And that does somewhat mimic the arc in the book. Things get immediately dire as they have trouble finding water, and less than a third of the way into the book, things do seem to be shaping up for a sheer hellishness. But they find the water and the valley, and soon enough they are hunting (i.e., massacring in large numbers) buffalo. There is a sustained, 40-page description of the early days of the hunt that may be the most focused setpiece Williams ever wrote, and the turning point in Andrews’ character.

It came to him that he had turned away from the buffalo not because of a womanish nausea at blood and stench and spilling gut; it came to him that he had sickened and turned away because of his shock at seeing the buffalo, a few moments before proud and noble and full of the dignity of life, now stark and helpless, a length of inert meat, divested of itself, or his notion of its self, swinging grotesquely, mockingly, before him. It was not itself; or it was not that self that he had imagined it to be. That self was murdered; and in that murder he had felt the destruction of something within him, and he had not been able to face it. So he had turned away.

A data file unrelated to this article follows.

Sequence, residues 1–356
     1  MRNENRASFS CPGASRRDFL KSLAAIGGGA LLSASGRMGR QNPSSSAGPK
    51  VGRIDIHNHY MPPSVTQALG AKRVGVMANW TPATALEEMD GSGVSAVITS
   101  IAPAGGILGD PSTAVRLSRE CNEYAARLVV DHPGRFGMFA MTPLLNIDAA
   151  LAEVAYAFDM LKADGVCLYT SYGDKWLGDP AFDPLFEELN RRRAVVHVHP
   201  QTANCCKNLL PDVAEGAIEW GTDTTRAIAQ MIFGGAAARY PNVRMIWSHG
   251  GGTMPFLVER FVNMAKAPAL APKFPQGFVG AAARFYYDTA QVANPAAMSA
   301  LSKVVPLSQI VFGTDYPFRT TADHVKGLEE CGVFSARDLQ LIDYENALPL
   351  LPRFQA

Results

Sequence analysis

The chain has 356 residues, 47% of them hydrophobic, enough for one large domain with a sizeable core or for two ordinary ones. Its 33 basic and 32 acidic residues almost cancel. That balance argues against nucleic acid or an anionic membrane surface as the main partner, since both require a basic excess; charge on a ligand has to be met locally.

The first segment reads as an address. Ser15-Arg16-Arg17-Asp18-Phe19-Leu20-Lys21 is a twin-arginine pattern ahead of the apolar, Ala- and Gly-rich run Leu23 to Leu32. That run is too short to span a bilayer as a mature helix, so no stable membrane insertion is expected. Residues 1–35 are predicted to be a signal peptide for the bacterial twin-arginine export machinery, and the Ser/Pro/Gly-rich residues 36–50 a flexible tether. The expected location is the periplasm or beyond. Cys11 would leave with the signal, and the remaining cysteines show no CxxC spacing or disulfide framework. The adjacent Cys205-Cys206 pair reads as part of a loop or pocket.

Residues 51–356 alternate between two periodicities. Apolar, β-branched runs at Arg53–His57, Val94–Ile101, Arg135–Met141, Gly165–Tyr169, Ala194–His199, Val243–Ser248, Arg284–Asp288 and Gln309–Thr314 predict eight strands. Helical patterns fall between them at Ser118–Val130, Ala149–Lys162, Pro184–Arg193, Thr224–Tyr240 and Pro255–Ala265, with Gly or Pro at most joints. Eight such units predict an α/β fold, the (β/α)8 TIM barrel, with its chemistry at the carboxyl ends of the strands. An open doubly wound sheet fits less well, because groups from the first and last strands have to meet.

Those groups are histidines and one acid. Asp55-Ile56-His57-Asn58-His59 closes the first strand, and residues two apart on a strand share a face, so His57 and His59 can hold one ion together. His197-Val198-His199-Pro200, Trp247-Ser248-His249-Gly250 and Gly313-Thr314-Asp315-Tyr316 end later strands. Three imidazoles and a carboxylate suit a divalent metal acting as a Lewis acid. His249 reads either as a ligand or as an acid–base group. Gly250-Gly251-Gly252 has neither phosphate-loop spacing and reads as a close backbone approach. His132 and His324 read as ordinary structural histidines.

Such introspection is comparatively rare in the novel. Extensive and careful description is more common, but when it comes like it does here, it is strikingly abstract and visceral simultaneously. I don’t know if the effect is quite successful (thought it beats Cormac any day), but it’s certainly unusual. Williams resists any broad judgments of character. If Andrews is losing his humanity, then “humanity” is not an absolute value. He is freed from this sort of condescension towards the whore that he felt earlier in Butcher’s Crossing:

He saw her as a poor, ignorant victim of her time and place, betrayed by certain artificialities of conduct, thrust from a great mechanical world upon this bare plateau of existence that fronted the wilderness. He thought of Schneider, who had caught her arm and spoken coarsely to her; and he imagined vaguely the humiliations she had schooled herself to endure. A revulsion against the world rose up within him, and he could taste it in his throat.

Much, much later, after returning to Butcher’s Crossing, Andrews thinks back to this very moment and excoriates his younger self for his callow snobbery.